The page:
Gallup's most recent survey of America's youth* offers some interesting insights into what teens think about the threat of war in America today, as well as what their own roles might be in a future war.
Fear of Nuclear War
Unlike many Americans who grew up in the shadow of impending nuclear war, today's generation of teens seem to have less reason to worry about that particular danger. But with terrorist threats and possible war with Iraq looming, teens' belief in the threat of a nuclear war is currently high. According to the 2003 survey, 66% of American teens feel threatened by nuclear war -- 19% say they think it is "very" likely, 47% "somewhat" likely.
Feelings about the inevitability of nuclear war holds constant across most demographic groups, but one categorization turns up an interesting difference. About one-third (33%) of those students whose self-described academic status is "above average" feel that nuclear war is very likely in their lifetimes, compared to about half (51%) of those who describe themselves as "average or below average." Positivity may be a key underlying factor for both findings -- that is, a more positive outlook may help kids maintain better grades as well as a more optimistic worldview.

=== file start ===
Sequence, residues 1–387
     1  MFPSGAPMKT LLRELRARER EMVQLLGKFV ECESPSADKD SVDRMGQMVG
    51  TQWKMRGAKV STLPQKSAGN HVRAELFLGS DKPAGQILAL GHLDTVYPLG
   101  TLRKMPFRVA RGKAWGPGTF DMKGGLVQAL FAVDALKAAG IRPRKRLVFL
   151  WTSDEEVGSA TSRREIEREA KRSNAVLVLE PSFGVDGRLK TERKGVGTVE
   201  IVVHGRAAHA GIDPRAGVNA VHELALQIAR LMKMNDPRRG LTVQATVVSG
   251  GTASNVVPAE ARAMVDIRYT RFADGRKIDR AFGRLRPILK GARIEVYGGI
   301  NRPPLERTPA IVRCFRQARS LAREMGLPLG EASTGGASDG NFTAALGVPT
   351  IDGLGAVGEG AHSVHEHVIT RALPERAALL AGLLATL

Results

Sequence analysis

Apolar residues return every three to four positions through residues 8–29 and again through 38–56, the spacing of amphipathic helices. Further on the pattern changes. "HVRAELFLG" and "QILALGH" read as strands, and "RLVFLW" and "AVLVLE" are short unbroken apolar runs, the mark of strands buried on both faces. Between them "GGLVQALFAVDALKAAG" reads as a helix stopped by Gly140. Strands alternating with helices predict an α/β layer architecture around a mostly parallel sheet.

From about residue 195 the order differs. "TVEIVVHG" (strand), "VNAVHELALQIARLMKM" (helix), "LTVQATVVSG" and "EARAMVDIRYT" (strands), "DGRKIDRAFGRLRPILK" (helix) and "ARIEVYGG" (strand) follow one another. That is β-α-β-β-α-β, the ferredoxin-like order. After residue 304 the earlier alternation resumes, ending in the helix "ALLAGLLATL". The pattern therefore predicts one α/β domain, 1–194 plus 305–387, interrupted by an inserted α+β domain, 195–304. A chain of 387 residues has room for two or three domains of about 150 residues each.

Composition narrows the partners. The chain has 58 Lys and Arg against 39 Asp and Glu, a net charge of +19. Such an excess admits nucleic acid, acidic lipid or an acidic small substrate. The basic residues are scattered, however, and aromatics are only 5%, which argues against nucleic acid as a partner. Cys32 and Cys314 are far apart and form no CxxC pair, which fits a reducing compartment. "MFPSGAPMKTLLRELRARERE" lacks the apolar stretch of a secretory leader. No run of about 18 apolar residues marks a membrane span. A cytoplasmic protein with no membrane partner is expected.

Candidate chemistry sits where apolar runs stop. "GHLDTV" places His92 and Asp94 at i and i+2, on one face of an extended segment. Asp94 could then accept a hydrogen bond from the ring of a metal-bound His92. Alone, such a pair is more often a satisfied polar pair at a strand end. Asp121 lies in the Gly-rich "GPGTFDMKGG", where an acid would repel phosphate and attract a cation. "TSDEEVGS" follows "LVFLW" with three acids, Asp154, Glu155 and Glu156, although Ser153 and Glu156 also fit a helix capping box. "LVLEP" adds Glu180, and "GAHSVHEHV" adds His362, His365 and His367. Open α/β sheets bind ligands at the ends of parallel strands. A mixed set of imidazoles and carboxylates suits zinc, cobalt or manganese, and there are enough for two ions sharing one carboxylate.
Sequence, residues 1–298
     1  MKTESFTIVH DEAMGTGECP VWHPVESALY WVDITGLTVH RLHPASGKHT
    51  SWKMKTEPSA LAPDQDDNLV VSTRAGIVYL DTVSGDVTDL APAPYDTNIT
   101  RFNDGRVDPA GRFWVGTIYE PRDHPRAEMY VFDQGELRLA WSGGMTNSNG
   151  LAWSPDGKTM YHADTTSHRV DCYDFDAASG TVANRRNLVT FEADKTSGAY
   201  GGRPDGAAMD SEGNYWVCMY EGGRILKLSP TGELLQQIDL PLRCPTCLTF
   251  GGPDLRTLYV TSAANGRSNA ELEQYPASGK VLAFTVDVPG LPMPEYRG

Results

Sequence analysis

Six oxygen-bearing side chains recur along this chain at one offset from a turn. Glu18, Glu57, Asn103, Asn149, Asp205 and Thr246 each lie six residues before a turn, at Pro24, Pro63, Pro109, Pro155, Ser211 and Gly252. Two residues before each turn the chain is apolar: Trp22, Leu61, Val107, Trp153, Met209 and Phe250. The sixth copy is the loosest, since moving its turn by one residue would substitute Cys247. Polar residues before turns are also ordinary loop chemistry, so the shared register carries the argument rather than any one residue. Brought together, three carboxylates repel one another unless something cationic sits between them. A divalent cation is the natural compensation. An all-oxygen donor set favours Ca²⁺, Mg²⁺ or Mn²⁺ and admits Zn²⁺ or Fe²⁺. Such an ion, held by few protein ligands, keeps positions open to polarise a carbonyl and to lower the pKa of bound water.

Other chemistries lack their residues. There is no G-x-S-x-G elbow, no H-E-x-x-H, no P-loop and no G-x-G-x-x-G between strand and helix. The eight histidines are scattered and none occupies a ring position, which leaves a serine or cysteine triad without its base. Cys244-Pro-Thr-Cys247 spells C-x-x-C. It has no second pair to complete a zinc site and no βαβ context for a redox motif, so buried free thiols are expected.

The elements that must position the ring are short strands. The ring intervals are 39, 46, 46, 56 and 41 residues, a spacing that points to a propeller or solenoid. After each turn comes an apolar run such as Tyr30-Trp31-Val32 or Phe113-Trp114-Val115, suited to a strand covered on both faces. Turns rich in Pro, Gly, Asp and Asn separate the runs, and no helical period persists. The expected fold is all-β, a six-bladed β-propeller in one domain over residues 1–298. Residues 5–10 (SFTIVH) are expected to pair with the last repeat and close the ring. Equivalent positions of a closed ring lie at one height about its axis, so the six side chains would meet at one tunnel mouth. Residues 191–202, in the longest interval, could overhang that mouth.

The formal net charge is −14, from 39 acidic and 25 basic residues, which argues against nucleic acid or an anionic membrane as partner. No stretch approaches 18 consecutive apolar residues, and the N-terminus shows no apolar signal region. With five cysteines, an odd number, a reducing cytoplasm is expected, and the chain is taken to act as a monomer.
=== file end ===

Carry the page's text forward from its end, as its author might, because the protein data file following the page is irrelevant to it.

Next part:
War or Peace?
There's no question that if the United States were to become involved in a protracted war effort, thousands of today's teens would ultimately be involved in that war. When teens were asked if they think they will ever fight in a war during their lifetimes, one in four (25%) said they expect to do so. Only 11% of teen girls expect to fight in a war during their lifetimes, compared to 37% of boys.
With teens' expectations of war reaching the highest level in a decade, one might expect an effect on their interest in serving in the military. Only about one in nine (11%) teens indicate that they have a "great deal" of interest in serving their country in a military capacity. Just 6% of girls say they have a great deal of interest in serving in the military, versus 15% of boys.
With interest in serving in the military at such a low level, it's no wonder that all four branches of the armed services have stepped up their recruiting efforts. This endeavor is aided by a provision in the "No Child Left Behind Act" requiring school districts to make high school students' phone numbers, mailing addresses, and other personal data available to U.S. military recruiters (although parents can have the information withheld if they choose). In addition to visiting high schools and writing to students, the Marines have their own special recruiting tool -- a four-day weekend pass to Parris Island, S.C., for teachers. Four times a year, 80 teachers and educators are invited to take part in four days of "boot camp" exercises to encourage them to endorse the military as a viable educational alternative to colleges and universities.
*The Gallup Youth Survey is conducted via an Internet methodology provided by Knowledge Networks, using an online research panel that is designed to be representative of the entire U.S. population. The current questionnaire was completed by 1,200 respondents aged 13 to 17 between Jan. 23-Feb. 10, 2003. For results based on the total sample, one can say with 95% confidence that the maximum margin of sampling error is ±3%. For a complete description of the sampling and weighting procedures used to conduct the survey, click here.